MEPs confirmed on Tuesday their determination to protect journalists, activists and academics and their organisations against abusive lawsuits aimed at silencing them.

The European Parliament approved with 546 votes in favour, 47 against and 31 abstentions a new law, agreed with the Council on 30 November 2023, to ensure individuals and organisations working on matters of public interest such as fundamental rights, allegations of corruption, protection of democracy or the fight against disinformation are given EU protection against unfounded and abusive lawsuits. The protection will apply to all cross-border cases except when both the defendant and claimant are from the same EU country as the court or when the case is only relevant to one member state.

Dissuasive financial safeguards

MEPs ensured victims are more robustly protected by introducing two safeguards – early dismissal if the case is unfounded, and the possibility to ask the claimant to pay the estimated costs of proceedings, including legal representation of the defendant, and damages. If the defendant requests an early dismissal, it will be up to the claimant to prove that there are grounds for proceedings to continue . The court may also impose other penalties on claimants, who are often politicians, corporations or lobby groups, such as ordering them to pay compensation for damages.

Remedies for non-EU cases and access to information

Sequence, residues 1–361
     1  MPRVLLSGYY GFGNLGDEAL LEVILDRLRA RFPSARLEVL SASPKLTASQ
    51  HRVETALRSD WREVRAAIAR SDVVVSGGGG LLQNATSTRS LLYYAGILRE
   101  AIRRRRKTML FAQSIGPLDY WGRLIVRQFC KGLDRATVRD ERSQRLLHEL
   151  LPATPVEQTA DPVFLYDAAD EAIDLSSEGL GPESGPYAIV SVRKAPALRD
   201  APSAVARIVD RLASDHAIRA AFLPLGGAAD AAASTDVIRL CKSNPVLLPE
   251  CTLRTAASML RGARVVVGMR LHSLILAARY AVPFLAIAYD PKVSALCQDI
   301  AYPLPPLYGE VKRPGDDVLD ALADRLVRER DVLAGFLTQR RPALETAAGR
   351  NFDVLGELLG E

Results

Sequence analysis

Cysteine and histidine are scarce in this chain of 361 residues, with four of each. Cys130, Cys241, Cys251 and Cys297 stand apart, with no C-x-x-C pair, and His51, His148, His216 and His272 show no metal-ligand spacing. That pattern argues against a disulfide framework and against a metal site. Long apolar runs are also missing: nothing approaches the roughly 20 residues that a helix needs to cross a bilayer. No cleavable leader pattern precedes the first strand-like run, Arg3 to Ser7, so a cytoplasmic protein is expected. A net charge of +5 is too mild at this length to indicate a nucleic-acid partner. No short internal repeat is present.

To avoid forum shopping – when the claimant picks the jurisdiction where their chances of success are the highest – the new rules ensure that third-country judgments in unfounded or abusive proceedings against individuals or institutions from the EU will not be recognised.

EU governments will also make sure that potential victims of abusive lawsuits can access information in a single place on procedural safeguards and remedies, including legal aid and financial and psychological support. Member states will have to ensure legal aid is provided in cross-border civil proceedings. They should also publish all final judgments in SLAPP (strategic lawsuits against public participation) cases and gather detailed data about them.


Following the plenary vote, lead MEP Tiemo Wölken (S&D, Germany) said: “SLAPP lawsuits are a threat to the rule of law and seriously undermine the fundamental rights to freedom of expression, information and association. They are a form of legal harassment and an abuse of the justice system, increasingly used by powerful individuals and organisations to avoid public scrutiny. Our courts should not be abused like this for personal gain. This directive will help fight SLAPPs, stopping people from using the courts to intimidate and deter journalists and activists from making information public and enforcing a kind of self-censorship.”

Next steps

The directive will enter into force on the twentieth day following its publication in the EU Official Journal. Member states will have two years to transpose the rules into their national systems.


In light of the increasing number of SLAPPs in the EU, MEPs proposed in a 2021 resolution measures to protect journalists, media outlets and activists from legal harassment.